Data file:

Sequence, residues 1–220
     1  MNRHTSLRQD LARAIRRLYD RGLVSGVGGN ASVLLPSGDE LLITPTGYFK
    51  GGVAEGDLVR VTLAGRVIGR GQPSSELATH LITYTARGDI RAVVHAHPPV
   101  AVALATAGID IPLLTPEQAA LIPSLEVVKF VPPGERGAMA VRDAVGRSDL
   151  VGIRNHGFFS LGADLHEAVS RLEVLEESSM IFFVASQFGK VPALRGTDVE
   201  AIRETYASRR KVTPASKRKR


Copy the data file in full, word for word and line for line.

Sequence, residues 1–220
     1  MNRHTSLRQD LARAIRRLYD RGLVSGVGGN ASVLLPSGDE LLITPTGYFK
    51  GGVAEGDLVR VTLAGRVIGR GQPSSELATH LITYTARGDI RAVVHAHPPV
   101  AVALATAGID IPLLTPEQAA LIPSLEVVKF VPPGERGAMA VRDAVGRSDL
   151  VGIRNHGFFS LGADLHEAVS RLEVLEESSM IFFVASQFGK VPALRGTDVE
   201  AIRETYASRR KVTPASKRKR